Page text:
|Adm. Arun Prakash, IN (ret)|
Ever since courts of law started accepting service related cases in the early 1990s, the military leadership has been haunted by some difficult conundrums. Is the rank and file of the armed forces being set a poor example by litigious officers who decide to ignore the National Defence Academy motto “Service Before Self”, and go to court? Will a day come when a soldier questions a battlefield command and then approaches a court to justify his actions? Should that happen, won’t it undermine the foundations of discipline and command in our armed forces? While the constitution of the Armed Forces Tribunal has helped resolve many issues “in house”, the apex court still remains available to litigants.
Once considered a rare and unusual phenomenon, even a dishonourable act, taking recourse to legal remedies for redressal of service-related grievances has become common amongst military personnel. Only the short-sighted will fail to discern that the increasing intervention of courts in what should be internal affairs of the armed forces will damage their morale, cohesion and fighting spirit for two reasons.
Firstly, whenever an officer wants to represent his case convincingly in court, he will have to show both his service and his brother officers in a poor light by making allegations. He will also feel the need to enlist bureaucrats and politicians to support his cause and the media to wash dirty linen in public. The service, in order to defend itself, will be compelled to make counter-allegations. All this will happen in full view of a dismayed rank and file of the service.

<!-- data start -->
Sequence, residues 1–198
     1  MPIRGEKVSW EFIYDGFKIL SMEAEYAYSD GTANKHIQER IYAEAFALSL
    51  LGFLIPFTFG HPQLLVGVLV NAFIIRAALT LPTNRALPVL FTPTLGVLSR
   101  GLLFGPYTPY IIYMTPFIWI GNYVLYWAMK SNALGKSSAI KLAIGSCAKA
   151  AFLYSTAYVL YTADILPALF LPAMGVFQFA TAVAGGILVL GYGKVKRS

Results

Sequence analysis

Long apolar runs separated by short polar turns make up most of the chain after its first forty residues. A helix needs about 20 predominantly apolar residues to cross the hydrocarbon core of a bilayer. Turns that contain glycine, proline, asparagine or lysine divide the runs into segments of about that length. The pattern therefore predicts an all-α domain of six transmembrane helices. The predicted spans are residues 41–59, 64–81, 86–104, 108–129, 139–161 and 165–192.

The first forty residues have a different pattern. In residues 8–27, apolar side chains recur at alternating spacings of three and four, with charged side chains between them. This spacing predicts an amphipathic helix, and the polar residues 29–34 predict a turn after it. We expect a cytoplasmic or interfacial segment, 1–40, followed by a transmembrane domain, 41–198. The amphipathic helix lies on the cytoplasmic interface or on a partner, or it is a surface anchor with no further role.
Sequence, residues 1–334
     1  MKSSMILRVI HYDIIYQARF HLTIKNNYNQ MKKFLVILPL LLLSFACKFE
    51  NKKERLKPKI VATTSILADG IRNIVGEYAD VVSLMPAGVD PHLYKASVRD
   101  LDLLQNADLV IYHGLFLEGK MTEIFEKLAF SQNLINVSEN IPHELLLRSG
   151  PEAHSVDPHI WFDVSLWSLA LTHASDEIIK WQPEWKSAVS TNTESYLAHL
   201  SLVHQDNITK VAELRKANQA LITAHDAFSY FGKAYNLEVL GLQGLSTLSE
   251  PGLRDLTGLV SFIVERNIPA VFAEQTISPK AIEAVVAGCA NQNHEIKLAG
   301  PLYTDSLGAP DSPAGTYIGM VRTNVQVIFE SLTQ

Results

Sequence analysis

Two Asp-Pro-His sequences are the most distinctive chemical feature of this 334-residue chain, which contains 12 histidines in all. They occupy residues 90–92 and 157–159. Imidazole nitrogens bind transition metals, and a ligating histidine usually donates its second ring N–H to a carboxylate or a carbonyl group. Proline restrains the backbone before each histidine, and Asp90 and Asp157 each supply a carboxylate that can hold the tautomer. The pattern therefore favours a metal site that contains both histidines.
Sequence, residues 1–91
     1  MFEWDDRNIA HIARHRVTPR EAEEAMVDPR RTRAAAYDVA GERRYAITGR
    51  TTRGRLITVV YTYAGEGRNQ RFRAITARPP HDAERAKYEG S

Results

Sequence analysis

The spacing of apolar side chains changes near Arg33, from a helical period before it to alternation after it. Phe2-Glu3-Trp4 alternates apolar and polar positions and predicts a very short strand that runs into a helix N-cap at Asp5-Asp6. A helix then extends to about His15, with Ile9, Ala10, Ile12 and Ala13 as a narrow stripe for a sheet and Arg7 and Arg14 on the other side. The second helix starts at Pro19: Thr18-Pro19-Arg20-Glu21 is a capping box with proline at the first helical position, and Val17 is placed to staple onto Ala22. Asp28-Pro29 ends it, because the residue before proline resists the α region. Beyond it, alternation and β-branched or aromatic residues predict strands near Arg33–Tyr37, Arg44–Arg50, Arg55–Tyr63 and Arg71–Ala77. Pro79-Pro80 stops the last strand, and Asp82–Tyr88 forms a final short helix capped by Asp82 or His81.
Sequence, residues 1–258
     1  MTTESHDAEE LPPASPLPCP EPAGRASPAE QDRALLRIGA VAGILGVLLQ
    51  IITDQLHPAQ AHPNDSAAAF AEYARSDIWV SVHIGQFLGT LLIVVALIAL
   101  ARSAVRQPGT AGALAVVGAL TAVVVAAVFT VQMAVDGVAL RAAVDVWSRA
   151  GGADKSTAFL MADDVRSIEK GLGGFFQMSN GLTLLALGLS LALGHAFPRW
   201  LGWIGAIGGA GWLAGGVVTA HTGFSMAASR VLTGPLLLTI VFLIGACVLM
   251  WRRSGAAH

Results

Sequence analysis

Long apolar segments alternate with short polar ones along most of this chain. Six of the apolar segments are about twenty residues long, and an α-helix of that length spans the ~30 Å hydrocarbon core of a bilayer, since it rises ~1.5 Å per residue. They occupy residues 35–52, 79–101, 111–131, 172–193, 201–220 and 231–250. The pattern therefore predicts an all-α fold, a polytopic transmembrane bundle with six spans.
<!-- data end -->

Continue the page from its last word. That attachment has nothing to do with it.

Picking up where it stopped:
Secondly, the task of the judiciary being to weigh the evidence presented in a fair and dispassionate manner, it will disregard abstract factors like customs and traditions of service, esprit de corps, the morale of the military. Judicial decisions will be delivered on points of law and could result in grave collateral damage to the prestige and honour of the military.
While recourse to law is a civil right that cannot be denied to a soldier, there are many corrective actions that the military can, and must, take to mitigate the need for litigation. This is especially relevant in the personnel management arena where justice, equity and transparency are essential. If the “system” is seen as fair and above-board, it will reduce, if not eliminate, the need to approach courts.Read the whole article for Admiral Prakash's suggested remedies.